Tax Facts: What coverage can you have if you want to contribute to an HSA?

You've probably heard that if you want to contribute to a health savings account (HSA), you need to have coverage under a high deductible health plan (HDHP). But what if you have other coverage too? Depending on what it is, you may or may not be able to contribute to your HSA. Let's take a look.

First, an HDHP is clearly defined by the IRS. It's not just any plan with a high deductible. An HDHP must have:

  • A minimum deductible of $1,350 if participating as an individual and $2,700 if participating as a family in 2018 (these amounts are indexed annually).
  • A maximum out-of-pocket of $6,650 for those participating in the HDHP as individuals and $13,300 for those participating as two-person or family in 2018
  • No coverage before the deductible for anything other than preventive care. And preventive care is also defined by the IRS (under the Affordable Care Act, all non-grandfathered plans must cover preventive care before the deductible).

The idea behind HDHPs/HSAs is that people have the opportunity to save tax-free money to pay for medical care, but they also have no choice but to use their own money to pay for their healthcare (except preventive care) before they meet their HDHP deductible. The hope then, is that people will use their healthcare dollars wisely — shopping carefully for medical care and avoiding unnecessary expenses.

Research indicates, however, that people with HDHPs generally aren't "shopping" for healthcare they way they would with other commodities. That is, patients aren't getting price quotes ahead of time or comparison-shopping across multiple providers before scheduling a medical appointment.

But that's a discussion for another day. For now, the issue is that the HDHP/HSA concept is rooted in the idea that patients will be spending their own money pre-deductible. To make that work, the IRS doesn't allow people to have any other non-HDHP medical coverage in addition to the HDHP. It would defeat the purpose of the HDHP concept if the enrollee could also have another health plan that would step in and pay some or all of the pre-deductible costs.

For example, if your employer offers an HDHP and your spouse's employer offers a non-HDHP, you could be covered under both plans. But in that case, you wouldn't be eligible to put any money in your HSA. Even if the non-HDHP coverage through your spouse's employer had a higher deductible than your HDHP, the fact that you'd have additional medical coverage under a non-HSA-qualified plan would make you ineligible to contribute money to an HSA.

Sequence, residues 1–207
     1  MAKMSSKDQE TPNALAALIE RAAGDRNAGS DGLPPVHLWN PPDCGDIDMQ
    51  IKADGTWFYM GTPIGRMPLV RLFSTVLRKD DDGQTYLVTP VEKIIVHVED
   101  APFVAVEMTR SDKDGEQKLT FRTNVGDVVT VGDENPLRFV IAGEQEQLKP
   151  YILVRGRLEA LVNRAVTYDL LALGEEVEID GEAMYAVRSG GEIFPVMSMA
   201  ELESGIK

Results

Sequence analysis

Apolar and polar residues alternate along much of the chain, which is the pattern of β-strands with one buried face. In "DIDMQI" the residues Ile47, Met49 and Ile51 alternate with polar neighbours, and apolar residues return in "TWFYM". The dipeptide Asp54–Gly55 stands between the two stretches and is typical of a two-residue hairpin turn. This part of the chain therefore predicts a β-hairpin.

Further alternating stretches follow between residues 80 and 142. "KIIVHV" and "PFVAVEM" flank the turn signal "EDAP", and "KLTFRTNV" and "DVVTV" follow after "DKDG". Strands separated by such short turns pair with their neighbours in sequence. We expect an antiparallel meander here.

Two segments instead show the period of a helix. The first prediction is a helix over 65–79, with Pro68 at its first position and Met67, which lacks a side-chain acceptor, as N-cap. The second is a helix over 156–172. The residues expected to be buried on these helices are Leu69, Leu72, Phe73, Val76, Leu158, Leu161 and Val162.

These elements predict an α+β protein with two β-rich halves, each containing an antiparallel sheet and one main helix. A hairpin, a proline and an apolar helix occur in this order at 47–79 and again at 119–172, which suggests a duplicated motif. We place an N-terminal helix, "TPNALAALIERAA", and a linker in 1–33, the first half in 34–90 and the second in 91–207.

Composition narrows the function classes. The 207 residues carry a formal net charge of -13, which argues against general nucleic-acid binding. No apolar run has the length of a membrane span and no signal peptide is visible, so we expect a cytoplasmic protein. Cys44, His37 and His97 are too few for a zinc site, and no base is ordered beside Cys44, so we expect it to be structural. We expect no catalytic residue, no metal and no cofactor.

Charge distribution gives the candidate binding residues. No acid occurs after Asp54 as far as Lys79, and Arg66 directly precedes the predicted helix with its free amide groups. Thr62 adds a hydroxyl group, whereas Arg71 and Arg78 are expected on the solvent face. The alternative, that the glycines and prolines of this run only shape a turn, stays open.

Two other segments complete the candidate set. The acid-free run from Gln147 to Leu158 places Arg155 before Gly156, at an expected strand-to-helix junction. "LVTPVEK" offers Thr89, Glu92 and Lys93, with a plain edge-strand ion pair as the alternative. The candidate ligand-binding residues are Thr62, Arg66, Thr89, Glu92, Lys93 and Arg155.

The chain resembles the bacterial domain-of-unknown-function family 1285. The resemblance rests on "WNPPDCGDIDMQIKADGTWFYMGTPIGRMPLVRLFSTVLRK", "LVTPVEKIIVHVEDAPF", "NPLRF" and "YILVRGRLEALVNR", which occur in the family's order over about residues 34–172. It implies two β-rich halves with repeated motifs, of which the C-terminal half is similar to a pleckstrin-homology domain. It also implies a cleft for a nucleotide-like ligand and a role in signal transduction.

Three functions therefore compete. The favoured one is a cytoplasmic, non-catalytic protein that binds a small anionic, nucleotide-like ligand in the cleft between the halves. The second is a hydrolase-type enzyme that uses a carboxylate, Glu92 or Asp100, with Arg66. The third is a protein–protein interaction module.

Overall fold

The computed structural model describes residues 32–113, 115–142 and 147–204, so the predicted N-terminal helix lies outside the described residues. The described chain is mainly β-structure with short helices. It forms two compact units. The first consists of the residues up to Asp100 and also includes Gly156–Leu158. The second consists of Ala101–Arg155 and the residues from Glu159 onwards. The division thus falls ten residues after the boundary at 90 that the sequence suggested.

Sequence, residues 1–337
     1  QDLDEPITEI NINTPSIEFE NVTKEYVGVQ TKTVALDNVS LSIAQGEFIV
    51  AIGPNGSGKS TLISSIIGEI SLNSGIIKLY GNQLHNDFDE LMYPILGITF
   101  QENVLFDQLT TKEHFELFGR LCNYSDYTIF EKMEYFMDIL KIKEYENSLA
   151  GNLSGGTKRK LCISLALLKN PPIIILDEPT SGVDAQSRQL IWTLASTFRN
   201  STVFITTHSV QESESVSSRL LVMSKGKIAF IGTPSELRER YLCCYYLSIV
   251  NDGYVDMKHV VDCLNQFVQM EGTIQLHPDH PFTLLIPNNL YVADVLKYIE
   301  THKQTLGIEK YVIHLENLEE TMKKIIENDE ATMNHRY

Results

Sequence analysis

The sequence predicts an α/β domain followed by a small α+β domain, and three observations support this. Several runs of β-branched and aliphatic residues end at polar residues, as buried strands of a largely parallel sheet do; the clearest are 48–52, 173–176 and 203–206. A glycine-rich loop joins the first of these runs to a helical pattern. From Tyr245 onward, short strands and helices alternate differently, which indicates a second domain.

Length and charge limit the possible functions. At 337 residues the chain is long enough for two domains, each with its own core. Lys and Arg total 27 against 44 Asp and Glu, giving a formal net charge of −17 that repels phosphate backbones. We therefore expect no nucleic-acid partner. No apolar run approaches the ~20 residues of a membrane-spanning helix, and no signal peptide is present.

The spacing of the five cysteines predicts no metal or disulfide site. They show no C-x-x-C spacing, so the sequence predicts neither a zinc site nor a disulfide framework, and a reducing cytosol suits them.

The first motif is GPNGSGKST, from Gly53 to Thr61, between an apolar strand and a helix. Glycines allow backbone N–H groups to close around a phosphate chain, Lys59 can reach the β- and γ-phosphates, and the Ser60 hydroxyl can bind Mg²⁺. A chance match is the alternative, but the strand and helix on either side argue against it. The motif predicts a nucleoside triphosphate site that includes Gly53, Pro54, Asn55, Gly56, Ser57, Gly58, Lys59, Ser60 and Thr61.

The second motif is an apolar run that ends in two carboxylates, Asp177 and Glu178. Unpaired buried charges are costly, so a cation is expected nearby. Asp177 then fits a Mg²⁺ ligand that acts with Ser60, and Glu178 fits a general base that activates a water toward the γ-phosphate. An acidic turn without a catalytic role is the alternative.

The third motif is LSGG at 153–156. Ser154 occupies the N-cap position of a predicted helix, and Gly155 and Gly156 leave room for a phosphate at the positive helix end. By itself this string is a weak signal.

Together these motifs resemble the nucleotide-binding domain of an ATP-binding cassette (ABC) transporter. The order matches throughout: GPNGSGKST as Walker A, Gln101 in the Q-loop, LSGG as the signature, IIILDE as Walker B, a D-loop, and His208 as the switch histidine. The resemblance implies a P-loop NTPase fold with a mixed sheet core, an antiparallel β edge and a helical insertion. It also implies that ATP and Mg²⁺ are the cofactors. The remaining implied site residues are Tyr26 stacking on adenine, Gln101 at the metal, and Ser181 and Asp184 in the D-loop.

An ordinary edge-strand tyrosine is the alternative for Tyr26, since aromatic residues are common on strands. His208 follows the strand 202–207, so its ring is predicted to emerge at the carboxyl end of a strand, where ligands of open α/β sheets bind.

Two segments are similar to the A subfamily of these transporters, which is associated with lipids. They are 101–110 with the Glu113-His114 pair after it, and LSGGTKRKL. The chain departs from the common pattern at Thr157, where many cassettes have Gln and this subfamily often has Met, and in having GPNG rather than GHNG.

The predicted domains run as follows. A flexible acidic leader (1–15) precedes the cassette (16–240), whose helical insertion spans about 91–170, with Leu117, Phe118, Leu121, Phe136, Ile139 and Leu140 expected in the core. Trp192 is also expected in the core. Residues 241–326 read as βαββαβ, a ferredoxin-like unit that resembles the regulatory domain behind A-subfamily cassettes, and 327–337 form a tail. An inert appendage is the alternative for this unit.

[You can be covered under two HDHPs, though. If your employer and your spouse's employer both offer HDHPs, you can opt for double coverage and still contribute to your HSA.]

Other coverage that is allowed in addition to an HDHP

The IRS does allow you to have some types of coverage in addition to your HDHP, without jeopardizing your eligibility to contribute money to your HSA. They include:

  • Workers' compensation
  • Critical illness/specific disease coverage (a plan that will pay a lump sum if you're diagnosed with invasive cancer, for example)
  • A fixed indemnity hospitalization plan that pays a specific amount of money based on the amount of time that you're hospitalized, without regard for how much the hospitalization actually costs.
  • A plan that only provides discounts (see question 9 in this IRS series of questions and answers)
  • Accident coverage (a plan that will reimburse you up to a specified amount if you need medical care following an accident or injury)
  • Disability coverage (short-term or long-term)
  • Dental and vision coverage
  • Long-term care coverage

What do all of these types of coverage have in common? They're not regulated by the Affordable Care Act and are not considered minimum essential coverage. That means if you were to have one or more of them as your only form of coverage, you'd be considered uninsured. Since these types of coverage are not considered real health insurance, the IRS allows you to have them, in addition to your HDHP, and still be eligible to put tax-free money in your HSA.

It's worth noting that some of these supplemental products could end up reimbursing you for some or all of your HDHP deductible, depending on the circumstances. This is true for accident plans, critical illness plans, and fixed indemnity plans. In these cases, keep in mind you can't withdraw tax-free money from your HSA to cover any expense for which you're reimbursed by another party.

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Tax Facts is a column offering straight up, no-nonsense HSA tax tips, written in everyday language. Look for it on Tuesdays, exclusively on the HSAstore.com Learning Center. And for the latest info about your health and financial wellness, be sure to follow us on Facebook and Twitter.

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